A magnitude-4.3 earthquake in Laos the day before yesterday kills very few, because Laos is a land of very few, of very little. But its tremors traveled underground and outward, seeking denser targets of anxiety and death, and found us 450 miles south in Bangkok where the wet river delta soil liquefacts and the tall buildings sway a little. But it is not post-tsunami 2004 or its aftershock aftermath; my wife and I don’t panic anymore when the firmament blinks. We are flood folk and monsoon peasants once more, watchers of water not earth, even from our 31st floor condominium, or my 27th floor office.
On the computer screen, a high school friend complains in a long email about the unresponsiveness of her other friends on MySpace. Her sadness drives her backwards in time, into comforting mythology. She has scanned and attached photographs of me and others from the 20th century, when we were human larvae with bad hair.
In my reply, I pointedly contextualize my upcoming trip to California as not “coming home” because home is Thailand, where I own no property, speak no language, and have only recently acquired the legal right to work at the job I have had for five years. Entitlement to pay taxes on rewards for writing marginally true things in convincingly breathless English, the language of wealth and tomorrow.
It has been ten years since the Financial Crisis that caused suicides and ruined families. The rusted rebar of abandoned high rises have been re-drowned in concrete, the windows on blueprints enlarged to welcome in the sunlight once feared.
The Mercedes-Benz E 200 NGT is the first luxury vehicle in Thailand with a factory-installed natural gas engine. Convincing people to pay $215,000 US dollars for a car that saves them $41 a week in fuel costs is an actual white-collar job, the ownership of which registers in my mid-30s, slacker brain as a victory. Advertising is a career that can be squeezed between long emails. The view is placating, my chair is comfortable, and when my wife wants to eat seafood, we eat fucking seafood. Maybe tonight.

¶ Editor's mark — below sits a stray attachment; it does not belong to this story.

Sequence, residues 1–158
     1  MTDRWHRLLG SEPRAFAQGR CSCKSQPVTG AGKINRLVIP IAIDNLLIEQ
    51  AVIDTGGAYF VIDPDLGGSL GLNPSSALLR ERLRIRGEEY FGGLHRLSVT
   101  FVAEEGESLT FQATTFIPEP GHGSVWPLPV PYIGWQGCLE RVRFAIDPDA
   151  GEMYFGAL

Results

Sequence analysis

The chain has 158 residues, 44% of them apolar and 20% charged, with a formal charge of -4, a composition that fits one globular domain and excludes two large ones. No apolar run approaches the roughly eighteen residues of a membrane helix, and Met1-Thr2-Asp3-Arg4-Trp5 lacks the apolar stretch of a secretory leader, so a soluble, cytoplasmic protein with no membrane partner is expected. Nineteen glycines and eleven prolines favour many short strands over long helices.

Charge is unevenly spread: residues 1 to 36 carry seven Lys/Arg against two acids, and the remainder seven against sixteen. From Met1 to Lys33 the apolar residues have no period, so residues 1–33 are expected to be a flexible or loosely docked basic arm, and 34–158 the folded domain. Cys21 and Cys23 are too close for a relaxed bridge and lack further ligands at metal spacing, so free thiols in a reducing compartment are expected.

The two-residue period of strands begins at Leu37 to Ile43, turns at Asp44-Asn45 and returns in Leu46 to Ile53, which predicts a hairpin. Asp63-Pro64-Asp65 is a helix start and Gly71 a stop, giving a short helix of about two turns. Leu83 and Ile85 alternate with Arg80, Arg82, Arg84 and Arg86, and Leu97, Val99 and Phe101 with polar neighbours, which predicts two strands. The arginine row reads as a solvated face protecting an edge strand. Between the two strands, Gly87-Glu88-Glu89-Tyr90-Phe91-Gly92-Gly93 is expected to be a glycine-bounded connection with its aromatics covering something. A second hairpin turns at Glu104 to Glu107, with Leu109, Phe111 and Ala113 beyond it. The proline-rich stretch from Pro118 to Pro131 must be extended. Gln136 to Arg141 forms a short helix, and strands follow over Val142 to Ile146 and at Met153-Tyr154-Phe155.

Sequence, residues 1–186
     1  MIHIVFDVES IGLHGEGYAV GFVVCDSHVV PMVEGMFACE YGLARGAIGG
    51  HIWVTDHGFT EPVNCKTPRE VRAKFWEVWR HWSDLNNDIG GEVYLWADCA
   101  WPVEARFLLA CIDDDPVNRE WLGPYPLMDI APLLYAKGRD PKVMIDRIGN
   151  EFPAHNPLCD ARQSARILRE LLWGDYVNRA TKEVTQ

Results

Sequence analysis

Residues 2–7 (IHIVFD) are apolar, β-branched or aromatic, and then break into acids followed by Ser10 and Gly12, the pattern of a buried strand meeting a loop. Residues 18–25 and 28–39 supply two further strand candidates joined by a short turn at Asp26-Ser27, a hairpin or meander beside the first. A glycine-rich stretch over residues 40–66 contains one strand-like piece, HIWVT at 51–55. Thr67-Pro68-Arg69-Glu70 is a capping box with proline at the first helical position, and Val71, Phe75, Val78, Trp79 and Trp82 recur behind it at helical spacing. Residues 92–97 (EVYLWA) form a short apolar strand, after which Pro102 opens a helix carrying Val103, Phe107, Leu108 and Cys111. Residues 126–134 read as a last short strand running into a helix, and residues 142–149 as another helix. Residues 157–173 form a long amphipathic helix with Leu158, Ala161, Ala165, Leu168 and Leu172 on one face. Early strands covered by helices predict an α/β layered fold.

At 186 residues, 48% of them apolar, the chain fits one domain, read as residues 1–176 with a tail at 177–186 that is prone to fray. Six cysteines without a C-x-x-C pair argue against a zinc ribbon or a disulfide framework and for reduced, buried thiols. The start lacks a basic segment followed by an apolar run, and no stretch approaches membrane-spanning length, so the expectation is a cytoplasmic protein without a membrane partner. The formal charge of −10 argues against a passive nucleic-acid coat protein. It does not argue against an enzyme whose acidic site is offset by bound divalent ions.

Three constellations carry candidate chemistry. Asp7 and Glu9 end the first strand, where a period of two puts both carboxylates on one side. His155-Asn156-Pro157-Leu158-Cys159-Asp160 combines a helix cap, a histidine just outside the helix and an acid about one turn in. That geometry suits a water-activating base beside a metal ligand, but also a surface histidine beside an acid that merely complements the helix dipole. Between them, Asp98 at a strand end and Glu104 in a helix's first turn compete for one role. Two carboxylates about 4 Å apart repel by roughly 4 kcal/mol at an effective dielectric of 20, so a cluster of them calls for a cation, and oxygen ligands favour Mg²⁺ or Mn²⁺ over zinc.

Inside of her uterus is a rapidly dividing, multi-celled zygote the size of a dandruff flake that will eventually swallow us whole. We do not yet know of this alien, or conceive of its capacities to eat our hearts, annul our miscarriages, seize control of the cockpit. Over dinner, she shows me Googled photos of Sedona, Arizona, site of her upcoming business meeting. We marvel at the sunset colors on the rock landscapes, and mock the energy-vortex beliefs of its meditating tourists.
On our plates are ocean prawns the size of curled zucchinis, raised on inland fields deliberately flooded with seawater that will never grow crops for another century. One fertility is traded for another; one disaster traded for another. We gulp heavy glasses of iced beer, unstirred by tremors within. The once-shocking military coup of last year is fading in the rearview mirror. We are fueled by wealth and tomorrow, drunk drivers who don’t do math, underwater breathers who cannot be drowned.
Wesley Hsu moved to Bangkok in 1999, where he created and hosted Bangkok Poetry, the city’s first English-language open-mic spoken-word event. Currently he writes and says some things for money, and writes and says other things for art.
Wesley would like to encourage everyone to invest in carbon-offsetting projects like carbon credits and mangrove forests.